Active Comparator: Inidividual and Group Supportive Therapy Behavioral: Individual and Group Supportive Therapy
The aim of IGST is relief or reduction of symptoms, the promotion of personal growth including enhancement of adolescents' strengths/coping skills and capacity to use environmental supports and to help suicidal adolescents increase their sense of self-esteem. Treatment aims to reduce suicidal behavior and emotion dysregulation by helping the adolescent learn to trust and validate themselves. The overarching assumption in IGST is that adolescents become suicidal for a variety of reasons, but they often report feeling isolated, misunderstood, unloved and unwanted. IGST Interventions include providing a strong therapeutic alliance where the therapist provides an environment that is completely trusting and validating to counter the experience of the depressed/suicidal youth.

Primary Outcome Measures :
  1. Suicide Events [ Time Frame: 1 year ]

Information from the National Library of Medicine

Choosing to participate in a study is an important personal decision. Talk with your doctor and family members or friends about deciding to join a study. To learn more about this study, you or your doctor may contact the study research staff using the contacts provided below. For general information, Learn About Clinical Studies.

Layout table for eligibility information
Ages Eligible for Study:   13 Years to 17 Years   (Child)
Sexes Eligible for Study:   All
Accepts Healthy Volunteers:   No

Inclusion Criteria:

  1. Current suicide ideation;
  2. More than one intentional self-injury or suicide attempt;
  3. Has difficulties with emotion and impulsive behavior or has characteristics similar to borderline personality disorder;
  4. 13-17 years of age;
  5. At least one family member or responsible adult available to participate in assessments and treatment.

Exclusion Criteria:

  • Has significant developmental delays
  • Has significant current mania, psychosis or life threatening anorexia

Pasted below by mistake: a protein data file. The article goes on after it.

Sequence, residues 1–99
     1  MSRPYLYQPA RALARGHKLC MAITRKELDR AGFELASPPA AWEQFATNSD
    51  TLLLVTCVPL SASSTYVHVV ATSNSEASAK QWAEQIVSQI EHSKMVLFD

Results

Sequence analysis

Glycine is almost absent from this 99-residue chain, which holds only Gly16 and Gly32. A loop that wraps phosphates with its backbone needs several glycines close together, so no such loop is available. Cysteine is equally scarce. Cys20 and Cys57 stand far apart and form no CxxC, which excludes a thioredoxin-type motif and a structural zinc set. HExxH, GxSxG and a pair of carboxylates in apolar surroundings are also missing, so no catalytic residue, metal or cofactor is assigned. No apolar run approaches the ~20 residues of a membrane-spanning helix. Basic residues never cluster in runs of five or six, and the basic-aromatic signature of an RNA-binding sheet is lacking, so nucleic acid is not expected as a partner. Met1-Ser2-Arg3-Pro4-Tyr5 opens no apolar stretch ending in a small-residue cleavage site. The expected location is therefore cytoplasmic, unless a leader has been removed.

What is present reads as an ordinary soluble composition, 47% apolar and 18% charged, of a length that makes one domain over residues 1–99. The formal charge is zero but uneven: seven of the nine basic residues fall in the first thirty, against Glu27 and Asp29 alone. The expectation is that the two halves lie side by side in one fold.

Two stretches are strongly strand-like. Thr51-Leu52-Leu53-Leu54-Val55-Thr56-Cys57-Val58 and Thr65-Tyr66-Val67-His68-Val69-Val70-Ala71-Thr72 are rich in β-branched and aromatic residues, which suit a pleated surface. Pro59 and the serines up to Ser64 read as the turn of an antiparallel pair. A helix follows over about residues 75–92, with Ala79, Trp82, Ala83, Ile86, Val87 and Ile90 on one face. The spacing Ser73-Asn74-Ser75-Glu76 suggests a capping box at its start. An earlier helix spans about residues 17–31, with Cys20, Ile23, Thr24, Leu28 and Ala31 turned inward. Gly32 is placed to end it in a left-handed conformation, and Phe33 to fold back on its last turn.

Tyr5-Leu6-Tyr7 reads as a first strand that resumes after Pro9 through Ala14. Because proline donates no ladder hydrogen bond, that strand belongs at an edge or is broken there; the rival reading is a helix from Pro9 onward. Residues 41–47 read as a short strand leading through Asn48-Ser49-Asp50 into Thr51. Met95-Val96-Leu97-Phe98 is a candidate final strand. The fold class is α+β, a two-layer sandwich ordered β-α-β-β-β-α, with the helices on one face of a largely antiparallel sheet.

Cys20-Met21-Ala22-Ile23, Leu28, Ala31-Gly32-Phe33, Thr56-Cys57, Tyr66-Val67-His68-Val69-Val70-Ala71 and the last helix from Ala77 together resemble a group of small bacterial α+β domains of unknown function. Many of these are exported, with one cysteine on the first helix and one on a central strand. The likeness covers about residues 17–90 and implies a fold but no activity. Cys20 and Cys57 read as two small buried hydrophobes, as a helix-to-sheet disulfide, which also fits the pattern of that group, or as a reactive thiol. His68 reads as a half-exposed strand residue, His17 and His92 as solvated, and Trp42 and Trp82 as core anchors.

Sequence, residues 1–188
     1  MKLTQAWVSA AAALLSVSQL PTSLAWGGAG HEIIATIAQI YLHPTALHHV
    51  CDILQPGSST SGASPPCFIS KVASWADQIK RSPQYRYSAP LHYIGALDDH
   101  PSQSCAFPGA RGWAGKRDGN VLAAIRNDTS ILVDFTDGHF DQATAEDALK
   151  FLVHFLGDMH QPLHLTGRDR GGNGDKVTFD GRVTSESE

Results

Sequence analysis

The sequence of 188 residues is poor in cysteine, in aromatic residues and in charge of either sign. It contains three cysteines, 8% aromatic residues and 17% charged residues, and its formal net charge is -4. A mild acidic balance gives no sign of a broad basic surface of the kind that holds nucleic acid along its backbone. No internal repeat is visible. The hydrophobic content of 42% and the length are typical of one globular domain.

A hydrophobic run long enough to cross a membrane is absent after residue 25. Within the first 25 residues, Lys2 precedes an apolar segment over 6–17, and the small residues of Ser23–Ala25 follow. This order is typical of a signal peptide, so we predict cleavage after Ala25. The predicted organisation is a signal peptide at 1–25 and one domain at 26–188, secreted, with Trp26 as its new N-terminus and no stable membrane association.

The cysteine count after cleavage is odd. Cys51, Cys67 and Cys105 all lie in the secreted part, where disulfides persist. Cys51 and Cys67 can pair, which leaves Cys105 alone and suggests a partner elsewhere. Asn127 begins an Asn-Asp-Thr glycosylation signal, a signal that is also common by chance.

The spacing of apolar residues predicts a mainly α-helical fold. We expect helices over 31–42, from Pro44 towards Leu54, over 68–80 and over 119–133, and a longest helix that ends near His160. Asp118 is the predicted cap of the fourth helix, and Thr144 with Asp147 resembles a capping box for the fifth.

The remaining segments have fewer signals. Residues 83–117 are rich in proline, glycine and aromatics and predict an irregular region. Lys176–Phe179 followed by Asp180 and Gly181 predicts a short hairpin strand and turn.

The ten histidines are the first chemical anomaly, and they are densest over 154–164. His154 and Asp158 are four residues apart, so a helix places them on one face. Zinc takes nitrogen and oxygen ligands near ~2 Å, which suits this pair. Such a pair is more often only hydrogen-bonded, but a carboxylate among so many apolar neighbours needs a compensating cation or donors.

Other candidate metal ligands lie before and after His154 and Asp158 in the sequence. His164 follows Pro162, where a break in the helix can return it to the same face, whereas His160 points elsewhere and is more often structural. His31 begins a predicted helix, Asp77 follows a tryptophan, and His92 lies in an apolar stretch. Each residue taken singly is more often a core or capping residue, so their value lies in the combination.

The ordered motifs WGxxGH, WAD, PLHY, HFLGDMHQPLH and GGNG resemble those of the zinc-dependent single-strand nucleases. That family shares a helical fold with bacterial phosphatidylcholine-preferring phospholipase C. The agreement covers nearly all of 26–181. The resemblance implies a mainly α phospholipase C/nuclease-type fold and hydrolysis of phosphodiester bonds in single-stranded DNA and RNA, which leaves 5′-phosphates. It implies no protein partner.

• Has a court order for treatment

Information from the National Library of Medicine

To learn more about this study, you or your doctor may contact the study research staff using the contact information provided by the sponsor.

Please refer to this study by its ClinicalTrials.gov identifier (NCT number): NCT01528020

Layout table for location information
United States, Washington
Seattle Children's Hospital
Seattle, Washington, United States, 98125
Sponsors and Collaborators
University of Washington
Seattle Children's Hospital
University of California, Los Angeles
National Institute of Mental Health (NIMH)
Layout table for investigator information
Principal Investigator: Marsha M Linehan, Ph.D. University of Washington
Principal Investigator: Elizabeth A McCauley, Ph.D. Seattle Children's Hospital
Principal Investigator: Joan Asarnow University of California, Los Angeles
Principal Investigator: Michele Berk, Ph.D. Harbor UCLA
Additional Information:
Publications automatically indexed to this study by ClinicalTrials.gov Identifier (NCT Number):
Layout table for additonal information
Responsible Party: Marsha Linehan, Professor, University of Washington
ClinicalTrials.gov Identifier: NCT01528020    
Other Study ID Numbers: 41565-C
R01MH090159-01A1 ( U.S. NIH Grant/Contract )
First Posted: February 7, 2012    Key Record Dates
Last Update Posted: May 17, 2016
Last Verified: May 2016
Additional relevant MeSH terms:
Layout table for MeSH terms
Self-Injurious Behavior
Behavioral Symptoms